They’re also near to what becomes my favorite coffee shop: Beso Espresso. Tip: look hard at their logo; the steaming cup also shows two mouths kissing. The amazing experience begins with the barista going over the profiles of the nine different varieties of Costa Rican beans offered. I choose a “Red Honey” from the Central Valley, with aromas of ripe fruits, flavors of plum and caramel, and a sweet chocolate finish. Delicious, especially paired with an epic electronic playlist and the barista going over the different coffee regions with me. It’s a delicious lesson in Costa Rican coffee culture.
Rest & Raging
At this point it’s time to rest up before dinner and salsa dancing, and Historias Lodge is the perfect respite. My balcony offers views of the lush surroundings, while the hot water and strong pressure of the showers makes a great beginning to a nap under the comfy flannel bed blankets. My favorite part of the stay, however, is the adorable one-eyed dog and chatting over coffee and cookies with the owner, Luis, something I do many times during my short stay.
It’s a Friday, so around 8pm my group convenes at the outdoor tables with bottles of rum and Coke, getting tipsy before dinner and dancing at Bar Amigos. We laugh over shots, clinking glasses and spilling Flor de Cana, our voices getting louder as the drinks flow. Luis closes up the hotel and walks us to his house next door to kindly drive us the five minutes to the bar, where I promptly shovel delicious heaps of chicken and rice with fries and veggies into my sloshing stomach.
As always, never a dull moment with this crowd, who, as our 17-day Way to San Jose trip nears to a close, I realize I’m going to miss everyone terribly. That’s the beauty and bad of this type of trip; you create memories with amazing people you’ll never forget, but you also need to at goodbye to them at some point, although I have a feeling for most of us it’ll be more of a so-long than a final farewell.
Luckily, we still have a few more days of fun left. Next up: La Fortuna, Costa Rica.
For more posts from my Way to San Jose trip, click here. Bonus: Get 25% off last minute deals with Intrepid Travel by clicking here.
Border Crossing Notes: During my Intrepid Travel Way To San Jose journey, we crossed from Guatemala to Honduras, Honduras to Nicaragua, and Nicaragua to Costa Rica. In terms of safety, the crossing into Costa Rica was the worst, with pickpocketers and spammers literally waiting for tour buses at the border. You may want to get a combination lock to seal up your backpacks, or at least wear packs with valuables in front of you.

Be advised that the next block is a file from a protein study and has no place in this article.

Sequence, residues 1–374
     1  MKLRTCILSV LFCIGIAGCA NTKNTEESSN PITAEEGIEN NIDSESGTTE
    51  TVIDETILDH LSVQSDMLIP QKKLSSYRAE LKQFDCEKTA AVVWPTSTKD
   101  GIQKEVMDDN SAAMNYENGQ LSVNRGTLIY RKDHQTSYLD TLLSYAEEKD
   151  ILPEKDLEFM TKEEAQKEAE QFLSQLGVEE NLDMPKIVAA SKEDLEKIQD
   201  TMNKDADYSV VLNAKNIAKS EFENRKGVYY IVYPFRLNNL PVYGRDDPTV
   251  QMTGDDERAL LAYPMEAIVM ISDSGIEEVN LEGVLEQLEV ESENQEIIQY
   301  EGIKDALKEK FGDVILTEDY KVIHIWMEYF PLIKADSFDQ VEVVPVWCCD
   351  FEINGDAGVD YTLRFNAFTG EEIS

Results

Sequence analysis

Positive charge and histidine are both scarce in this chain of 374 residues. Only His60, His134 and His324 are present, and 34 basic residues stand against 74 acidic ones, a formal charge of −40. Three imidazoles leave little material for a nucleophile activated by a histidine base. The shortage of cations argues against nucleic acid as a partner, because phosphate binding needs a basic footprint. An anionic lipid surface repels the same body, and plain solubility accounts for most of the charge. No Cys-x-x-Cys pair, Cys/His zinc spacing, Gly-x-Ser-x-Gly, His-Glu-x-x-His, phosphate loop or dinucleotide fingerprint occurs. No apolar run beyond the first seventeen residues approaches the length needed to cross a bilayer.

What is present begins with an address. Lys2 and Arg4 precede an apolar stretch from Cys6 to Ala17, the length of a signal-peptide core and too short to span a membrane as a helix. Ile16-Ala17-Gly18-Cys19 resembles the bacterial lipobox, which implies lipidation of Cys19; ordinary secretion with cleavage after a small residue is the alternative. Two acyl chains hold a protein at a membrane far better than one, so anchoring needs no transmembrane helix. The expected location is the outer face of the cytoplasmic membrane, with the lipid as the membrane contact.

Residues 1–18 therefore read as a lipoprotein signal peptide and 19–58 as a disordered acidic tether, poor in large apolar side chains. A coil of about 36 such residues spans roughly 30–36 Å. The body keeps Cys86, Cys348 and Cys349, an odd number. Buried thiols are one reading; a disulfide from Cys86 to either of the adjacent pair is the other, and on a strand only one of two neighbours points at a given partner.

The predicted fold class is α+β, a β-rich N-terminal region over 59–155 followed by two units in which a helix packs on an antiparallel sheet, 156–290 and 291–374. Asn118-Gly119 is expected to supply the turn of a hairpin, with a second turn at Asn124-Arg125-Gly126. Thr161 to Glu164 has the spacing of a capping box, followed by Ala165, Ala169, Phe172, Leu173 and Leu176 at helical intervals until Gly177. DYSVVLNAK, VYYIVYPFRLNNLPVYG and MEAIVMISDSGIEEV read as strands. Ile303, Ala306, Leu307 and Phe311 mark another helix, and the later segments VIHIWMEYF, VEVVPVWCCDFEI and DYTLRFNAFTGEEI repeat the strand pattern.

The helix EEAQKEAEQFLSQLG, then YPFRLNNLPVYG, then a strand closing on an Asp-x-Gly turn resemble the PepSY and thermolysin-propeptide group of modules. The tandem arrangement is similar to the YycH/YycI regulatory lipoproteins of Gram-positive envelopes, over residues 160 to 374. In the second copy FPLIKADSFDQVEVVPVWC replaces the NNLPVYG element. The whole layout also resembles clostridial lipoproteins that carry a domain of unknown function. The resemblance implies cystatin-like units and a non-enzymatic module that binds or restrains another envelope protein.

Also, don’t purchase customs forms off the street. You’ll receive one from the immigration officer for free when you leave Nicaragua.
Lastly, be sure to check the immigration officer really stamped your passport. I had an issue where they forgot to, and I had to go back and have the Nicaragua customs official redo it.
Currency: You can use US dollars in Costa Rica everywhere — many places even list prices in US dollars over the local Colon. As of October 1, 2015, the exchange rate is $1 USD = about $535 Colones.
Outlets: My USA plugs worked fine without an adapter, including my laptop.
Language: Spanish, but many people speak English in Costa Rica, especially it’s the most developed in terms of tourism in Central America. Javier believes it’s because instead of putting money into an army they don’t need they put it into education and infrastructure.
Safety: While I didn’t feel particularly unsafe in Costa Rica, the border is really crazy, and you still need to watch your back. I’d recommend a lock for your day bag with your valuables inside (I lock the zippers together), a safety whistle and Clever Travel Companion pickpocket-proof garments.
Read: Lonely Planet Costa Rica (Travel Guide) by Lonely Planet; Top 10 Costa Rica Itineraries by Jennifer Turnbull; Living in and Visiting Costa Rica: 100 Tips, Tricks, Traps, and Facts by Greg Seymour
*My trip to Central America was hosted by Intrepid Travel. I was not compensated nor required to write this post. As always, all opinions are 100% my own.